Cheers for Sandy Montano
Lifestyle

Cheers for Sandy Montano

by Robbie Pangilinan

Sandy Sanchez- Montano has come a long way from the traumatized teenager to where she is now.

When Sandy was 18, the big earthquake happened. She was in school and her professor, clearly not knowing what to do, just told the students to go home. Sandy, who did not have any family in Manila, went to her boarding house to get her things when the building above her collapsed. With three others, she was trapped under heavy debris for three days. Her story of survival was featured in Panahon TV .

by Robbie Pangilinan

Sandy Sanchez- Montano has come a long way from the traumatized teenager to where she is now.

When Sandy was 18, the big earthquake happened. She was in school and her professor, clearly not knowing what to do, just told the students to go home. Sandy, who did not have any family in Manila, went to her boarding house to get her things when the building above her collapsed. With three others, she was trapped under heavy debris for three days. Her story of survival was featured in Panahon TV .

Looking back, Sandy realized that proper disaster management is a must. She says if only her teacher was prepared for disasters like earthquakes, further damage could have been prevented.

So she became an active volunteer for Red Cross and other organizations. It was her way of getting over her trauma.

“I needed to release my anxiety so I continued studying nursing then had pre-hospital training and of course, myvolunteer service as a first aider and first responder. I was a very dedicated volunteer of Red Cross, I was sent to Japan in 1994, my first international trip,” recalls Sandy. She was faced with the dilemma of representing the country but missing her college graduation. But Sandy was determined to go, so she asked for permission  from her school.

In her six month-stay in Japan, Sandy advocated for food security through the wonder plant moringa oleiferaor malunggay, which is plentiful in the Philippines.

“At that time, we were looked down upon as a country of beggars, always asking for donations. For me, if you only knew the treasures we have in the Philippine,s like malunggay, we can be self-supporting and there will be food security,” shares Sandy.

It was also her first time to hear about Malungai LifeOil, being a major sponsor of the Japan trip. LifeOil is the world’s first and only product developed from pure moringa oleifera seeds and leaves. The potent gel capsule is all-natural and is packed with vitamins, minerals, essential amino acids, and phytochemicals.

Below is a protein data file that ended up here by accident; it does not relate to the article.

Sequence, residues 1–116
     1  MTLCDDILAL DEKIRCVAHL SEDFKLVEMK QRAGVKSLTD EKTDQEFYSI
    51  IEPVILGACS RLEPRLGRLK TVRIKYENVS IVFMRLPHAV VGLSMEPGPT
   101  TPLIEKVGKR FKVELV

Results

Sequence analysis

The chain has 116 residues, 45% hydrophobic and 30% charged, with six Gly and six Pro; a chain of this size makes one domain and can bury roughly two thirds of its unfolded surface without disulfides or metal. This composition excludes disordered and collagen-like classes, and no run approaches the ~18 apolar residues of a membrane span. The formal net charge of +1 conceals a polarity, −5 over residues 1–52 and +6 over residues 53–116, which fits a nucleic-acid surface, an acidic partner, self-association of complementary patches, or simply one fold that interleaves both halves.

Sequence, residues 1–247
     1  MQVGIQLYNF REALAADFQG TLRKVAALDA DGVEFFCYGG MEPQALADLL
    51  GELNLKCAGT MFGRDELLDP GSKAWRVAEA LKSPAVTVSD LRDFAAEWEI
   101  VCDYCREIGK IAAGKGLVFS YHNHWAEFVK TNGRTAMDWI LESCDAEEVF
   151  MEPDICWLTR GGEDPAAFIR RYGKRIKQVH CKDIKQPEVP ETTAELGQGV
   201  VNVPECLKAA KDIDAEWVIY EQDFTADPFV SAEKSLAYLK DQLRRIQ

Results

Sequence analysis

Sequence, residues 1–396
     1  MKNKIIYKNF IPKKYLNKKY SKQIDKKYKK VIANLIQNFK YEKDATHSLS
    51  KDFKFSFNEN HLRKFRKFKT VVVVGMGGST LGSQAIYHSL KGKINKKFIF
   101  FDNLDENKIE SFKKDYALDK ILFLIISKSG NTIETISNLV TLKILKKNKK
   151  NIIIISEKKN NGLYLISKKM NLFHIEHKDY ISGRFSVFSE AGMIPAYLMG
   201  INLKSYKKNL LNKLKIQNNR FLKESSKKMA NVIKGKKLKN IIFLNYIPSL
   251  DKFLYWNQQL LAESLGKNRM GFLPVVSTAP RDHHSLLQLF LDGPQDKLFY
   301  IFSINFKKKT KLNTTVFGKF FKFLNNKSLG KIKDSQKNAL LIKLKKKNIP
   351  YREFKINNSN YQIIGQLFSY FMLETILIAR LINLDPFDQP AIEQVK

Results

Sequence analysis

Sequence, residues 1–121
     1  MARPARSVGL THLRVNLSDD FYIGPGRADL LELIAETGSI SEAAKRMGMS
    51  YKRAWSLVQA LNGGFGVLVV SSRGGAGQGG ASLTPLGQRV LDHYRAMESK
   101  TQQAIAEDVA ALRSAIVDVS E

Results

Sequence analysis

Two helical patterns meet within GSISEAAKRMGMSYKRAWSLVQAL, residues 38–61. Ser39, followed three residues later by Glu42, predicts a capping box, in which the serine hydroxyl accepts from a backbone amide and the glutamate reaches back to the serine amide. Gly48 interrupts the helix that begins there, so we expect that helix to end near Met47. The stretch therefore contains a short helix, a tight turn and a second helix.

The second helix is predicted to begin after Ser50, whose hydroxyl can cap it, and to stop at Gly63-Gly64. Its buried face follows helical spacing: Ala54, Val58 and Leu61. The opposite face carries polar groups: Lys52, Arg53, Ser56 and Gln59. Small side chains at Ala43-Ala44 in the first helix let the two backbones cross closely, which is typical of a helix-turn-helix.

It was not until 2012 that Sandy started taking LifeOil herself. She was in Jakarta, Indonesia as the coach of the Philippine team for the Asean Skills Competition.

“Yung Philippine Delegation, lahat sila medyo tinatrangkaso na, nagkakasakit na eh syempre ako yungcoach ng caring so I had to bring first aid kits and medicines to the members of the team. A friend of mine told me, ‘LifeOil pinakamaganda dyan. And I have proven it,” says Sandy.

When she got back home, Sandy told her parents, who are 77 years old, to stop taking all their other food supplements and just take LifeOil. Her parents are able to sleep better and eat better. As for Sandy, she noticed that she did not feel a ny downtime even when she is multitasking .

Sandy, the first ASEAN Woman Leader, an  Outstanding ASEAN Woman Entrepreneur, and the 

ASEAN Skills Network Head Delegation, established the Community Health Education Emergency Rescue Services (CHEERS) Foundation in 2006.

Community Health Education Emergency Education (CHEERS) Corp. is a TESDA- and CHED-accredited training institution that provides top quality, innovative and updated Technical and Vocational Education and Training Programs.

“I and my husband saw that there’s a huge gap, 85%, between the pre-hospital training and the hospital practice so there’s a need to professionalize the training of the rescuers. We envision CHEERS to be the gateway for Filipinos who would like to be trained and internationally certified,” says Sandy. CHEERS has 42,000 graduates, with 90% of them now working abroad.

At the recent APEC Summit, CHEERS was featured as one of the chosen success stories. CHEERS is also the first international training center in the Philippines certified by the American Heart Association.

“I am so happy that the AHA wrote us a letter, they want us to cover Myanmar, Indonesia, and Cambodia,” beams Sandy, who plans to set up the first paramedics school in the country soon. 

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